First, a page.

Friday, January 1, 2021

Lift a Finger


Had an interesting kind of New Year's Eve colloquy, or maybe I should call it an obloquy (he was nice enough to respond to me on several points, but I was mostly just bouncing off him) with the writer Noah Berlatsky, who posted a fun list of 99 unpopular opinions on the Twitter, on all sorts of subjects, one of which was this:

Coincidentally, it turns out this morning that this is a less unpopular opinion than you might think, in part because of some terrific reporting by the New York Times White House gossip department on Trump's handling of the pandemic and his inability to understand that it involved the needs of anybody other than himself:

Throughout late summer and fall, in the heat of a re-election campaign that he would go on to lose, and in the face of mounting evidence of a surge in infections and deaths far worse than in the spring, Mr. Trump’s management of the crisis — unsteady, unscientific and colored by politics all year — was in effect reduced to a single question: What would it mean for him?

The result, according to interviews with more than two dozen current and former administration officials and others in contact with the White House, was a lose-lose situation. Mr. Trump not only ended up soundly defeated by Joseph R. Biden Jr., but missed his chance to show that he could rise to the moment in the final chapter of his presidency and meet the defining challenge of his tenure.

Well, duh, you say, he's constitutionally unable to rise to that moment, so he technically didn't have a chance in the first place, and I hear you, but that kind of imagination is what The Times is not good at, and what they are good at, the observation, demonstrates the point, showing him as an incompetent emperor at the center of a battle among scheming courtiers (some with some good or at least respectable intentions), interested in nothing but himself and consistently rewarding the ones who flatter him the most and challenge him the least, climaxing with the awfulness of the non-epidemiologist Dr. Scott Atlas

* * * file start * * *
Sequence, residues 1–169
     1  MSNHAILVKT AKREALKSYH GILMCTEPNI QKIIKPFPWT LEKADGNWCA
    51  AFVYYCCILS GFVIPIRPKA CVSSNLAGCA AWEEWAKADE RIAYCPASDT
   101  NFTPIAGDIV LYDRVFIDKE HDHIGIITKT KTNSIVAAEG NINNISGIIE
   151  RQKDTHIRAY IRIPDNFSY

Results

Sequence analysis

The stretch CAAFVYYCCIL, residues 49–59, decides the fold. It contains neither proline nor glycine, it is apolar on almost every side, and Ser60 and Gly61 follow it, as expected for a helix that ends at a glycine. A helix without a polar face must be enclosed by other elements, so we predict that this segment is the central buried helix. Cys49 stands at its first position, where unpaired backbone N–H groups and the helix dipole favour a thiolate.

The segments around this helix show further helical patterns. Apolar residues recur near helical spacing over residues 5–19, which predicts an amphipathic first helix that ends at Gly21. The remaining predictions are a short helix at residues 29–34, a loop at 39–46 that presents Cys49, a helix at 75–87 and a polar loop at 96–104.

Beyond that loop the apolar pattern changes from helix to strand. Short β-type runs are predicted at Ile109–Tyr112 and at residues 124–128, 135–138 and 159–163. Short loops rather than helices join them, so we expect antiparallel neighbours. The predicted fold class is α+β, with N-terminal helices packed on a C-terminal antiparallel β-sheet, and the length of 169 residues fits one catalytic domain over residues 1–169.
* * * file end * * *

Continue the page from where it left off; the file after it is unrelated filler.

With Dr. Deborah L. Birx, the coordinator of the White House virus task force, losing influence and often on the road, Dr. Atlas became the sole doctor Mr. Trump listened to. His theories, some of which scientists viewed as bordering on the crackpot, were exactly what the president wanted to hear: The virus is overblown, the number of deaths is exaggerated, testing is overrated, lockdowns do more harm than good.

and the political short-sightedness of Freedom Caucus veteran Mark Meadows, who was instrumental in stopping Trump from wearing a mask, even after Trump was given one he thought was handsome:

Mr. Kushner had some reason for optimism. Mr. Trump had agreed to wear one not long before for a visit to Walter Reed National Military Medical Center, after finding one he believed he looked good in: dark blue, with a presidential seal.

But Mark Meadows, the White House chief of staff — backed up by other aides including Stephen Miller — said the politics for Mr. Trump would be devastating.

Even though the polls collected by Tony Fabrizio showed decisively that Meadows and Miller were wrong on this (over 70% of voters in all the key states the Trump campaign was targeting, including majorities of Republicans, favored mask mandates).

It's a fascinating story, as the courtiers reveal their characters—Pence too cowardly to act on his understanding because it might anger the president, Birx finding belated courage to tax the abominable Atlas for his willful stupidity. Redfield and Fauci stopped showing up at the White House not out of some grand design but to begin with with the entirely good reason that the building and the people in it weren't safe, and they didn't want to get sick—only realizing later that it didn't make them any less effective. Alex Azar found the cunning to work around the terrorized Pence and move the vaccine project forward without sacrificing scientific principle. And so on.

Anyway, the story also inspired Greg Sargent and Paul Krugman on the Twitter to bring up an important paper on executive incompetence from last summer by David E. Pozen and Kim Lane Scheppele, "Executive Underreach, in Pandemics and Otherwise", in which the pandemic responses of presidents Trump and Jair Bolsonaro of Brazil were examined from the legal standpoint as examples of a particular type of incompetence, in which